Shop Talk

A Theory for Everything

Summer marks the seventeenth anniversary of my first evidence-based practice course. If you’re a Marquette graduate who took one of my first classes, let me apologize now. The early years were rough. The turning point did not come until I could answer two questions.

1)      At the end of this course, what should students know?

2)      What should they be able to do?

Once I figured that out, I became more effective. Every reading assignment, lecture, and project was designed to help students get to the endpoint. I stopped assigning entire chapters of the textbook, replaced Medline searches with PubMed, and began emphasizing statistical interpretation over computation. I increased the number of research articles students read, and I created appraisal guides that always asked why. “Yes, the sample size was small, but why does that threaten the believability of the authors’ conclusions?” But no matter how many times I’ve revised the course, one thing has never changed. I always spend a lot of time on theory.

A theory is our best attempt to explain a set of events, observations, or phenomena. Theories are testable, changeable, and used to make predictions. There is a terrific example of a scientific theory in Iain Pears’ historical novel, An Instance of the Fingerpost. One of the characters, a physician-scientist working in 15th century England, is discussing respiration when he asks,

“Why do we breathe? We assume it is to regulate the body heat, to draw in cool air and thus moderate the blood. Again, is that true? Although the tendency to breathe more often when we exercise indicates this, the converse is not true, for I placed a rat in a bucket of ice and stopped his nose, but it died nonetheless.” 

The character theorizes that breathing moves air in and out of the body to cool the blood. Supporting evidence comes from the observation that, during exercise when our bodies heat up, we breathe heavily. He makes a prediction. A cold rat need not breathe. Unfortunately (especially for the rat), the character’s theory does not withstand his test. Immersed in ice with his nose plugged shut, the rat meets his demise. At this point, the reader can only hope that the character will modify his theory to account for recent events and spare other rats a similar fate. 

It’s easy to laugh at the naiveté of Pears’ character, who does not yet appreciate that respiration permits the exchange of oxygen and carbon dioxide, which his vital to life regardless of temperature. But when we’re done chuckling, we’d be wise to appreciate that his question (i.e., What will happen if I plug the nose and cool the rat down?) is completely logical in light of his theory. We all hold theories, proven and unproven, that influence our actions.  Here’s a few that might hit closer to home.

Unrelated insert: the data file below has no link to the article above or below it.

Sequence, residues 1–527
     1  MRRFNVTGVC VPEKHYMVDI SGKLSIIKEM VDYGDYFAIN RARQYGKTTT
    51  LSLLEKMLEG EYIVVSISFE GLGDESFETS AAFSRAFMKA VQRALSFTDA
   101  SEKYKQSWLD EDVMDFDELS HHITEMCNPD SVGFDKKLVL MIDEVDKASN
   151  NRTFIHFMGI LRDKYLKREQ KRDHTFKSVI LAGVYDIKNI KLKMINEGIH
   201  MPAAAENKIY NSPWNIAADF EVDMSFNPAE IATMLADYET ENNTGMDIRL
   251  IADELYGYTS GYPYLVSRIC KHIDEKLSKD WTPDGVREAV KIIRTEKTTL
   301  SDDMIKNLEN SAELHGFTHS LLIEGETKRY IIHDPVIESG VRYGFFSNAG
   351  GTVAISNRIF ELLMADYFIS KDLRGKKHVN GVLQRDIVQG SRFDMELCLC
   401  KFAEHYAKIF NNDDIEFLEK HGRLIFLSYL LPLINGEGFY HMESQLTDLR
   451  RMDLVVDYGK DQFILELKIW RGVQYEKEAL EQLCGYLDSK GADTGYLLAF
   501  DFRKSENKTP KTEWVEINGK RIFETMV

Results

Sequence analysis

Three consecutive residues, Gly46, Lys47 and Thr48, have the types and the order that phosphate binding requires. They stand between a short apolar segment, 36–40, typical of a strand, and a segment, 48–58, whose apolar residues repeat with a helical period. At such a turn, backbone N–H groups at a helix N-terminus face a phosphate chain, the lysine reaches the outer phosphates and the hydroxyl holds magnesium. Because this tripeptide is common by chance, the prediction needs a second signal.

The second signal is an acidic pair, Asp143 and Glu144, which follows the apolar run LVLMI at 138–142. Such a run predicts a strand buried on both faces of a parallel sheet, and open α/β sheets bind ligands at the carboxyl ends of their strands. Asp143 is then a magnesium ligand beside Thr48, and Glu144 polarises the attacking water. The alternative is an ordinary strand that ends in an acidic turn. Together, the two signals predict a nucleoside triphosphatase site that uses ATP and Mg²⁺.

·       Are you old enough to remember when we thought that spicy food caused stomach ulcers? I am. People suffering from ulcers were advised to change their diet. Today the prevailing theory is that ulcers are caused by bacterial infection, and antibiotics are a first line treatment.    

·       I also remember learning that slow-release narcotic medications were not addictive. We all know how that theory evolved. 

·       Are you a physical therapist?  If so, you probably believe that a well-designed exercise prescription improves physical function and that better posture reduces neck pain. But have you ever worked with a patient for whom stretching, strengthening, and postural education does not work? Is the problem with the patient or your theory?  If I thought my theory were flawed, I’d probably change course and try a different approach to care, maybe manual therapy. But if I thought the patient were the problem, I might nag her with, “Do your exercises!”  Regardless, my theory drives my actions. 

In a few days, 65 students will walk into my classroom. Each will come with their own theories.  Some will be common to the group, like “PT is a worthy profession.” And, “I’ll probably do better in this course if I skip the beach and show up for class.” Others will be unique. One year I mentored a group who wanted to study whole body cryotherapy for people with rheumatoid arthritis. Their theory was that cold clears toxins from the body. In our initial discussion, I asked them to identify the toxin(s) that cold would clear (mercury, perhaps?) and to explain the relationship between toxins and rheumatoid arthritis. Afterall, if the theory predicts that clearing toxins will resolve symptoms, it follows that the condition is influenced by toxins. They flushed it out (their ideas, not the toxins), and their theory evolved. 

I don’t know what this summer will bring. Theories about cupping? No, Olympic swimming hasn’t started yet.  Interest in dry needling? Maybe. Motivational interviewing has come to the fore; maybe students will want to talk about that. Regardless, we’ll meet the learning objective from the syllabus stating that “students will be able to recognize, articulate, and evaluate theories underlying patient care decisions.” That’s the endpoint. And regardless of the topic, it’s important that we get there. Why? Carefully considered theories lead to better clinical decisions. That’s my theory, anyway. 

Thanks for reading.

For those who want to learn more, check out the resources below. 

·       Here’s a link to Iain Pears’ books.

·       Here’s some information on stomach ulcers.  Scroll down to Cause to learn about bacterial and dietary factors.

·       The FDA provides some information on whole body cryotherapy here.

·       Information on rheumatoid arthritis, including complementary treatment, can be found on the Arthritis Foundation website.

·       The Summer Olympics are scheduled to begin in Tokyo on July 23rd.

Until next time, take care. 

May 21, 2020

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